In wildest estimations the population growth rate of Phnom Penh can be up to 4%. If the urban areas are growing as fast, the whole surface would be swallowed by construction in 23 years.
municipality area 375km2 20% urban 62km2
DEVELOPMENT VS. SUSTAINABILITY Before the global recession hit Cambodia in the fall of 2008, land prices in the core of the city were almost as high as in western capitals. This caused speculation and abuse, especially when the government is not the most transparent one (Cambodia is the third most corrupt country in Asia according to a recent survey by Political and Economical Risk Consultancy PERC). Affluent lease agreements on land are often made with no consideration of the original residents nor the environment. Existing height restrictions have contributed to the building up of all open spaces, including parks and lakes. The traditional heigh of buildings in Phnom Penh is 4-5- floors, but various plans for high rise development exist. The municipality of Phnom Penh has tried to develop a master plan as a document to steer the urban development into a more sustainable direction socially and environmentally. The plan proposes four to five satellite towns to cope with the urban sprawl whilst also easing pressure on the core and the open spaces. However, several problems are evident in the plan itself and especially in its implementation. TRANSPORTATION At the moment no public transportation exists in Phnom Penh. The heavy traffic of cars, motorcycles and tuk-tuks cause environmental pollution, makes the city an unpleasant place for the inhabitants and visitors and makes the people unequal while owning or hiring a motorized vehicle is a necessity for moving in the city. Heavy traffic fills up the pedestrian areas and makes it strenuous to move by foot or bicycle. In the masterplan of 2020, a grid-like street network has been planned to access the vast suburban housing areas, forcing the residents to rely on private transport.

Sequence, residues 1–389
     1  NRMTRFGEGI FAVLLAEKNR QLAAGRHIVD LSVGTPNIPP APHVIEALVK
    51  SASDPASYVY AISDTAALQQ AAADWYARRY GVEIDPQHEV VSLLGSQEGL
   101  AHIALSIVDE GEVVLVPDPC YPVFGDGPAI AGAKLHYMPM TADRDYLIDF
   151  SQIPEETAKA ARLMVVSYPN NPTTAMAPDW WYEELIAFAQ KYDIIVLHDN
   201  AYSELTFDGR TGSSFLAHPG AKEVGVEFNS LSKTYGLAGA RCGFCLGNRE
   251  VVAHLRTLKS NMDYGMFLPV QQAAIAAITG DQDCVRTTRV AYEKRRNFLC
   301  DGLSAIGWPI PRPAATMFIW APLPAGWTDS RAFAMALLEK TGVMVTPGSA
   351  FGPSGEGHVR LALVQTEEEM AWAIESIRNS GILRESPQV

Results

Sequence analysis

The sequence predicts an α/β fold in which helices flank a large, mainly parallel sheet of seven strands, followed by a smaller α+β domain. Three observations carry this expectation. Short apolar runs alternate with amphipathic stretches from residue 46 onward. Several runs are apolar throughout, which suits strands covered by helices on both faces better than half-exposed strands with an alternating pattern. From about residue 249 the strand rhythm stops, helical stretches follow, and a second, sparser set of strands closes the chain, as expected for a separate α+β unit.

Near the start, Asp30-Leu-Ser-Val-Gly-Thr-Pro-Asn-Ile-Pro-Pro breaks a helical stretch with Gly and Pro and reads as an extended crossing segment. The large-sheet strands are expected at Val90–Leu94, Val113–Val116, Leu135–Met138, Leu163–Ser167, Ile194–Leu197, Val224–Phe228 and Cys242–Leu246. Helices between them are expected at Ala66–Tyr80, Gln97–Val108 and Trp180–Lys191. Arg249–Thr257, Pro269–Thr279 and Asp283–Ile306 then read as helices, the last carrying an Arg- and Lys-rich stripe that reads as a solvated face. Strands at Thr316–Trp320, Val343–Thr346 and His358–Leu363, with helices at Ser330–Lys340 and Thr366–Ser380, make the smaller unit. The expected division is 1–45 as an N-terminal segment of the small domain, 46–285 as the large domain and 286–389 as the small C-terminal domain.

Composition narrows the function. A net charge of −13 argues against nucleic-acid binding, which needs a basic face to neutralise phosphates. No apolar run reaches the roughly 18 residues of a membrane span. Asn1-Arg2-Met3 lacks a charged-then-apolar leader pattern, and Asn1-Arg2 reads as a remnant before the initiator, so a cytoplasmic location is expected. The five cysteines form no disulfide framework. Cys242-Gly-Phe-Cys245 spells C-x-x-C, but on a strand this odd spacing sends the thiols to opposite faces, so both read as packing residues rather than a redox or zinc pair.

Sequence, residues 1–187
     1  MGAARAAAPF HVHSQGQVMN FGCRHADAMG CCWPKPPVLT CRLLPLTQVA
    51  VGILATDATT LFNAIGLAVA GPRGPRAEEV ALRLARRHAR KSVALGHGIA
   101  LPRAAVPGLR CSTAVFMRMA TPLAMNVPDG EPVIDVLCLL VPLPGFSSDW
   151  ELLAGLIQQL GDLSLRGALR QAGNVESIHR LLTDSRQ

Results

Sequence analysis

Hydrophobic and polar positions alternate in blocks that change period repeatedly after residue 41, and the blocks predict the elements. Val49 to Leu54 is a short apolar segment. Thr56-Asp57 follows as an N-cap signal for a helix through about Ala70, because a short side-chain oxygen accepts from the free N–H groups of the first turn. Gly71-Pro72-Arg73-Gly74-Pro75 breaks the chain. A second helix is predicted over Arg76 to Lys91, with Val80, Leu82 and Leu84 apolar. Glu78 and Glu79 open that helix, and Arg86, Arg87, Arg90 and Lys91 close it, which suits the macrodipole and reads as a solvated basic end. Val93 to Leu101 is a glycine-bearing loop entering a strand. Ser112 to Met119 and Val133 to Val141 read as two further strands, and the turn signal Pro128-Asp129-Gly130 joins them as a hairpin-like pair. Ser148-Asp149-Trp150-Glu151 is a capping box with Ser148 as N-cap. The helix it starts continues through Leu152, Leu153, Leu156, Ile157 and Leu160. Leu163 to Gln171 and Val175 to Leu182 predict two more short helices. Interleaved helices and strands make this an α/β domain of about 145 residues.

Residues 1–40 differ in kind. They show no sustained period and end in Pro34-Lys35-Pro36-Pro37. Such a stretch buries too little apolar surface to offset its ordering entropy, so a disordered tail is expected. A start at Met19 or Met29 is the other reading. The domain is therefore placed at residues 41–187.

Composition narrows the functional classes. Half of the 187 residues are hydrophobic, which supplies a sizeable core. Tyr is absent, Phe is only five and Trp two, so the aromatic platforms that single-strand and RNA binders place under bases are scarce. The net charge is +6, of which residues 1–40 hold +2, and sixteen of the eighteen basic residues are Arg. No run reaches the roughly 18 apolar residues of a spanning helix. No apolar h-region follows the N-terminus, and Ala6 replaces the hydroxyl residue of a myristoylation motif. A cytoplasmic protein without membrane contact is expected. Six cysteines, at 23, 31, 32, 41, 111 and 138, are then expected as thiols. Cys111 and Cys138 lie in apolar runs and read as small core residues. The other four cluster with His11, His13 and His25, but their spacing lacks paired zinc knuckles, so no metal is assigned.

PRODUCTION - environment The green areas near the city are being turned into housing areas at vast speed. The rivers are being polluted, fishing becomes difficult and dangerous. In the outskirts of the city exist the factories of the cheap labor, as garment industry is one of Cambodiaâ€™s main sources of income. Some public waste collection systems exist in the city area but only few in the rural areas. Vast amounts of trash, especially plastic, still end up in the nature. HUMAN RIGHTS
MORE VISiONS FOR THE DEVELOPMENT OF PHNOM PENH http://www.skyscrapercity.com/ showthread.php?t=648569
Poverty drives people to the main city of Cambodia. When there are no opportunities to increase your standard of living in the countryside, people are driven to cities, especially to their cores. The GDP per capita in Phnom Penh is 1140$, three times the national average. Housing rights are not respected and even though the local people do feel relatively safe, there are still problems with crime.